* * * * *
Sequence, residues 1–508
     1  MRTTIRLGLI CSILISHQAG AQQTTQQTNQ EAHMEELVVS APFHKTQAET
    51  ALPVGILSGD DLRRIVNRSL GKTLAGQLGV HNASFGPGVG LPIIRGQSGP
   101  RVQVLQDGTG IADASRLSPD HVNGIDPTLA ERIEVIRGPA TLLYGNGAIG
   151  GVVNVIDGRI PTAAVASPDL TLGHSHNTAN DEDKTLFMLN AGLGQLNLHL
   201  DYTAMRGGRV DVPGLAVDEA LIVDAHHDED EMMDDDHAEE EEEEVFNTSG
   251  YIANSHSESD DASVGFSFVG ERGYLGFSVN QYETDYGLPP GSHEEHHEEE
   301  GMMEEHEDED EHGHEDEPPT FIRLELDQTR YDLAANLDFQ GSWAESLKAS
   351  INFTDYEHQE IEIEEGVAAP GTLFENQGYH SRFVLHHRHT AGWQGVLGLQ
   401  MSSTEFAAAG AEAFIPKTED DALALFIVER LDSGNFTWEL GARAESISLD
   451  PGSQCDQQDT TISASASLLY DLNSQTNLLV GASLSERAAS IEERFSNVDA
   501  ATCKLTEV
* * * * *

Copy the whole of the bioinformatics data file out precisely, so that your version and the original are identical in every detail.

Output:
Sequence, residues 1–508
     1  MRTTIRLGLI CSILISHQAG AQQTTQQTNQ EAHMEELVVS APFHKTQAET
    51  ALPVGILSGD DLRRIVNRSL GKTLAGQLGV HNASFGPGVG LPIIRGQSGP
   101  RVQVLQDGTG IADASRLSPD HVNGIDPTLA ERIEVIRGPA TLLYGNGAIG
   151  GVVNVIDGRI PTAAVASPDL TLGHSHNTAN DEDKTLFMLN AGLGQLNLHL
   201  DYTAMRGGRV DVPGLAVDEA LIVDAHHDED EMMDDDHAEE EEEEVFNTSG
   251  YIANSHSESD DASVGFSFVG ERGYLGFSVN QYETDYGLPP GSHEEHHEEE
   301  GMMEEHEDED EHGHEDEPPT FIRLELDQTR YDLAANLDFQ GSWAESLKAS
   351  INFTDYEHQE IEIEEGVAAP GTLFENQGYH SRFVLHHRHT AGWQGVLGLQ
   401  MSSTEFAAAG AEAFIPKTED DALALFIVER LDSGNFTWEL GARAESISLD
   451  PGSQCDQQDT TISASASLLY DLNSQTNLLV GASLSERAAS IEERFSNVDA
   501  ATCKLTEV